President and Mrs. Kennedy depart San Antonio Airport with Texas Governor John Connally and his wife Nellie. Credit: Art Rickerby/Time & Life Pictures/Getty Images

It was in his role as governor that Connally and his wife, Nellie, rode with President Kennedy and his wife, Jacqueline, in an open-topped convertible through the streets of Dallas. Lee Harvey Oswald opened fire on the motorcade as it passed through Dealey Plaza, mortally wounding Kennedy and injuring Connally in the back, chest, wrist, and thigh. Although he made a full recovery, evidence of his wounds remained.[4]

As governor, one of Connally’s duties was to sign land patents issued by the General Land Office. A patent is the written evidence provided by the government to a private individual or entity showing the conveyance of the government’s right, title, and interest to a portion of the public domain described in the instrument. In Texas, patents were first issued by the government of the Republic of Texas, and the practice was carried over after annexation to the United States.[5] When a patent is issued, the original document is provided to the recipient (patentee) to file with the relevant county clerk, and an administrative copy remains in the Land Office Archives.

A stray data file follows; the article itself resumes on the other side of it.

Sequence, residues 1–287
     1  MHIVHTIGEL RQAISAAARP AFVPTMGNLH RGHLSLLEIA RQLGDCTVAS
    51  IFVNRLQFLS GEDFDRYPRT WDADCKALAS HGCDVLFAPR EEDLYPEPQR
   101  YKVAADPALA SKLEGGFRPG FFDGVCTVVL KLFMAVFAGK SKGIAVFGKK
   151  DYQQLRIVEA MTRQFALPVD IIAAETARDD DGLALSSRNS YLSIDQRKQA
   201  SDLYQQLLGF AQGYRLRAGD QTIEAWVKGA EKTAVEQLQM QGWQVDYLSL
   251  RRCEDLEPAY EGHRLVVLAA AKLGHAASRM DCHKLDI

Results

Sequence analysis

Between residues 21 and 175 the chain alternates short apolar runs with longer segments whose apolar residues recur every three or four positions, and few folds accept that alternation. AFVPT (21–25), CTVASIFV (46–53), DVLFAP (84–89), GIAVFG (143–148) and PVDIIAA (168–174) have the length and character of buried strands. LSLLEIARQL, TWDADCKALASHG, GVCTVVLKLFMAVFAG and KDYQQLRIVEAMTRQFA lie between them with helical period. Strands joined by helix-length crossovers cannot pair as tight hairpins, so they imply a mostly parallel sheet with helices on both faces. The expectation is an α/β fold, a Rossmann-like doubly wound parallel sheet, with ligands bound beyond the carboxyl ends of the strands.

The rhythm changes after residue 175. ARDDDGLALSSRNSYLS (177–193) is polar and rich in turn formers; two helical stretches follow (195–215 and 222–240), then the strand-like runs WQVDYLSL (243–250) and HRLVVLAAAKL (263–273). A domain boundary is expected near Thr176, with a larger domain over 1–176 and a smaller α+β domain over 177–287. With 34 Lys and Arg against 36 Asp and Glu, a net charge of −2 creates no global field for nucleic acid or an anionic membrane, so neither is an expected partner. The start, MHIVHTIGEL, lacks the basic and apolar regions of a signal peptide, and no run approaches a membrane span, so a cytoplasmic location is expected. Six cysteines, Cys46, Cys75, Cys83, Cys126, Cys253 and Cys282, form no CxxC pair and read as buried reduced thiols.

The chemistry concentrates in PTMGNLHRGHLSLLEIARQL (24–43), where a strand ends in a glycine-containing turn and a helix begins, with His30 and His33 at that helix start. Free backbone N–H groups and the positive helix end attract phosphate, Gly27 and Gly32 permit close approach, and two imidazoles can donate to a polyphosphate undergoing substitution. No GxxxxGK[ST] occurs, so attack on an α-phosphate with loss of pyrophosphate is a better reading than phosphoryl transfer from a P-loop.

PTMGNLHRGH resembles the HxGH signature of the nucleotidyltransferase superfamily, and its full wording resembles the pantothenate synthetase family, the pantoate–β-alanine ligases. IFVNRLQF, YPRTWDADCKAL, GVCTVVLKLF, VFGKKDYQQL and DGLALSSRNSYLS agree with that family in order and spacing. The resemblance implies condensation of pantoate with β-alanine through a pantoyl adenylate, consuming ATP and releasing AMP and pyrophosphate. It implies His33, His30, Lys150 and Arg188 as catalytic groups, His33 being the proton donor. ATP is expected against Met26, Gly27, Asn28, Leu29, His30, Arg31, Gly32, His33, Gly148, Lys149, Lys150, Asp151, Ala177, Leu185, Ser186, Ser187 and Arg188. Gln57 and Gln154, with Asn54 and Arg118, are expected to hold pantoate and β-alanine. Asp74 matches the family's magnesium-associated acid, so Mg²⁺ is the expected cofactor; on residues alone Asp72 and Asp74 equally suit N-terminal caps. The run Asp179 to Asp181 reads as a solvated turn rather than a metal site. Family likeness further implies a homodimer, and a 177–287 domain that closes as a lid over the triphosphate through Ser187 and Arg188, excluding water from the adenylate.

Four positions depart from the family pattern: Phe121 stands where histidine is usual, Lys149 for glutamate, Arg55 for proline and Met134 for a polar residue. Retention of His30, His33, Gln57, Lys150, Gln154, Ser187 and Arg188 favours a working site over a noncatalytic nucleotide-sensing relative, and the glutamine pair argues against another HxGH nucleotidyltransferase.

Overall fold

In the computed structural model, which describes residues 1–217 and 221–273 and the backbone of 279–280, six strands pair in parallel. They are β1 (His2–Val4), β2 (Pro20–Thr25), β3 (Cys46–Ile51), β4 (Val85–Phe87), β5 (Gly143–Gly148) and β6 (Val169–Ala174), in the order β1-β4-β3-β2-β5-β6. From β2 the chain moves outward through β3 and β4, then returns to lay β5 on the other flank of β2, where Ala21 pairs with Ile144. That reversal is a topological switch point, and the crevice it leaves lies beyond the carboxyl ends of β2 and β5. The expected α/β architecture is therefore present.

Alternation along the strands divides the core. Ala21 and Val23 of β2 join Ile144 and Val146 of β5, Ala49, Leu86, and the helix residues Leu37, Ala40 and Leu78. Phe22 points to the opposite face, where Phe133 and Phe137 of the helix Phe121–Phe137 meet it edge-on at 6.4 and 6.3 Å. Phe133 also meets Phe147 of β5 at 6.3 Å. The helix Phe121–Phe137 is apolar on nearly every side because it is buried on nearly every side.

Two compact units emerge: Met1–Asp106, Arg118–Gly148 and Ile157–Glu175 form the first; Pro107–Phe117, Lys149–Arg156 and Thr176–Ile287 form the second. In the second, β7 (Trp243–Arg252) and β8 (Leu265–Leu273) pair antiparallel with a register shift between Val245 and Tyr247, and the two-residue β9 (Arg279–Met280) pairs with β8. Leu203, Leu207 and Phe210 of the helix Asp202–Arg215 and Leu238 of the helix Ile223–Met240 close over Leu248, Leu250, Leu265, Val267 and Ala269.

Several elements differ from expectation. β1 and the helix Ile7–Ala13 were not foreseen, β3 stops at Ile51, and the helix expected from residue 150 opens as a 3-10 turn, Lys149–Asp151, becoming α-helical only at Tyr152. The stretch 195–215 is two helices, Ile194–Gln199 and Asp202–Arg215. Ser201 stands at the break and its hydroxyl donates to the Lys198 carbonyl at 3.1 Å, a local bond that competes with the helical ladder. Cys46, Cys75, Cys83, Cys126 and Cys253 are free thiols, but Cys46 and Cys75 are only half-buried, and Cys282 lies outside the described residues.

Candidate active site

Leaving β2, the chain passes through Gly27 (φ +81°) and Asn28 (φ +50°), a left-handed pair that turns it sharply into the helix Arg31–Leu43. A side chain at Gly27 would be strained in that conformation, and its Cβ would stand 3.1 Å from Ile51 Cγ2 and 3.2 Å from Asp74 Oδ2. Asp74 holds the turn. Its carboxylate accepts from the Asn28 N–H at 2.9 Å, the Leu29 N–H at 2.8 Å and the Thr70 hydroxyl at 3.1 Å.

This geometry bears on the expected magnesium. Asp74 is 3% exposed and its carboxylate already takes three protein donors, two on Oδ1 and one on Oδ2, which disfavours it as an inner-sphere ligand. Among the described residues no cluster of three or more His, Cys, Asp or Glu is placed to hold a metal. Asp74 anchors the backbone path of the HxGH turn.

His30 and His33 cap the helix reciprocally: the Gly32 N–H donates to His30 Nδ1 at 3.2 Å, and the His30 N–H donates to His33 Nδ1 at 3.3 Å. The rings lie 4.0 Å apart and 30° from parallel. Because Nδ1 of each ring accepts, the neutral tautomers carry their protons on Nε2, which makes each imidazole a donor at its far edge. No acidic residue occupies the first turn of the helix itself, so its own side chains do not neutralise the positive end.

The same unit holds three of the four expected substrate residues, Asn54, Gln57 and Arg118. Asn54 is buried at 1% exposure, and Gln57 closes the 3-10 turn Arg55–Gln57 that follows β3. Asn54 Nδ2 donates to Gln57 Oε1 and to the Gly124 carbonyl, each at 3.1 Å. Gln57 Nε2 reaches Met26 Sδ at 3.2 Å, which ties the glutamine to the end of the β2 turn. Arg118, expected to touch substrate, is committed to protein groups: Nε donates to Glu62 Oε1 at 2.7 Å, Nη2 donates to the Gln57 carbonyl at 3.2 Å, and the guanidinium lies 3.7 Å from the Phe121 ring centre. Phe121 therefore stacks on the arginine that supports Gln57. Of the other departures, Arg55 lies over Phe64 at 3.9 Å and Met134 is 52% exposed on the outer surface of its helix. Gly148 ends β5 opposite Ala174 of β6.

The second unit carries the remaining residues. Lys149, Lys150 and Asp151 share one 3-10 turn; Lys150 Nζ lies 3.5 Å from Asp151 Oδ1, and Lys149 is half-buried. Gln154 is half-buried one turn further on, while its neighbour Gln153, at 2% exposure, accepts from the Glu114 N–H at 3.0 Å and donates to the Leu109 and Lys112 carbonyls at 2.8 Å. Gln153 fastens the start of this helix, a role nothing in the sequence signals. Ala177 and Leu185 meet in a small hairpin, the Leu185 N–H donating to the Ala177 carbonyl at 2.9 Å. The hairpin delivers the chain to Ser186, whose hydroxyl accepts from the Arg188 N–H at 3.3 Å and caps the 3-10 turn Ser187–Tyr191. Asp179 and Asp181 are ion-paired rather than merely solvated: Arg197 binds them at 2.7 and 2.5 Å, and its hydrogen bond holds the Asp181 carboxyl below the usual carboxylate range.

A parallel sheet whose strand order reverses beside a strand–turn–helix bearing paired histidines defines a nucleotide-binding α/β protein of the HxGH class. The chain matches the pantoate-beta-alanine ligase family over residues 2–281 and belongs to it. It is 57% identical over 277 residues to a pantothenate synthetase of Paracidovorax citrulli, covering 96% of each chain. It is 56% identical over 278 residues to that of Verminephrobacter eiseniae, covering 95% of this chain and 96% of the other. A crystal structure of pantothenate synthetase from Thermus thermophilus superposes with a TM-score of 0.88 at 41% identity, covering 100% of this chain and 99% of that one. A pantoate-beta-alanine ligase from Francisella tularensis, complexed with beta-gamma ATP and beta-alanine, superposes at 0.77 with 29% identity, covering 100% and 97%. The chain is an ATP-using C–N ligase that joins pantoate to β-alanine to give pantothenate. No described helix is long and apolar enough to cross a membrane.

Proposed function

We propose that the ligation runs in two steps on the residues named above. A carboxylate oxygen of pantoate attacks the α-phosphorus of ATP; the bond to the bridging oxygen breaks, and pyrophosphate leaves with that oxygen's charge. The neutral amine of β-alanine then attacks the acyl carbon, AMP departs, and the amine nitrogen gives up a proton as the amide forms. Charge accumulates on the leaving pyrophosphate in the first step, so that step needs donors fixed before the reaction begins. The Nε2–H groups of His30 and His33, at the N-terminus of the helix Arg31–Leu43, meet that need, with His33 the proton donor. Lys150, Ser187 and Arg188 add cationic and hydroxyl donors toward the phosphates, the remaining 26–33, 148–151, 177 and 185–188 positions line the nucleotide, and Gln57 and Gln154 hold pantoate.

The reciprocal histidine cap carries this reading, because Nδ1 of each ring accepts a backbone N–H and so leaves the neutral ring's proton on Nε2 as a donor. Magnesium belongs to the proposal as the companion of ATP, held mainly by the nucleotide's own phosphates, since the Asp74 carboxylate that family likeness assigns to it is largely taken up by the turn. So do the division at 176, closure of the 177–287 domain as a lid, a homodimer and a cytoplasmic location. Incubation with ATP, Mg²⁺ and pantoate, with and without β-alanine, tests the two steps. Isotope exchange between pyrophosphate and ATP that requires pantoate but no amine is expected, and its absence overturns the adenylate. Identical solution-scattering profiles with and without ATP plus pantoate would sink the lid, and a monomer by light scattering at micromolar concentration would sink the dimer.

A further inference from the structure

Detail of the patent containing Connally’s last signature prior to JFK assassination. Patent Number 294, Volume 33B, Patent Collection, Archives and Records Program, Texas General Land Office, Austin, TX.

Initially, the original patent would bear the signatures of both the land commissioner and the governor (or, under the Republic, the president), whereas the administrative copy would have the names written in by a clerk. By the time Connally was serving as governor, however, the administrative copies included the officials’ signatures as well. It is these signatures that provide a reminder of the tragedy that befell Kennedy and Connally in Dallas.

The last patent signed by Connally prior to November 22, 1963, is dated October 31, 1963. His signature on this document, Patent Number 294 in Volume 33B, is steady and defined. On the first patent signed by Connally after the assassination, Patent Number 296, dated November 27, 1963, his signature was stamped because his right wrist was severely wounded in the attack.[6] By December 16, he had begun including the handwritten initials “JC” along with the stamped signature.

(Left) Detail of the patent containing Connally’s first stamped signature after the JFK assassination. Patent Number 296, Volume 33B. (Right) Detail of the patent containing Connally’s first stamped signature with handwritten initials. Patent Number 311, Volume 33B, Patent Collection, Archives and Records Program, Texas General Land Office, Austin, TX.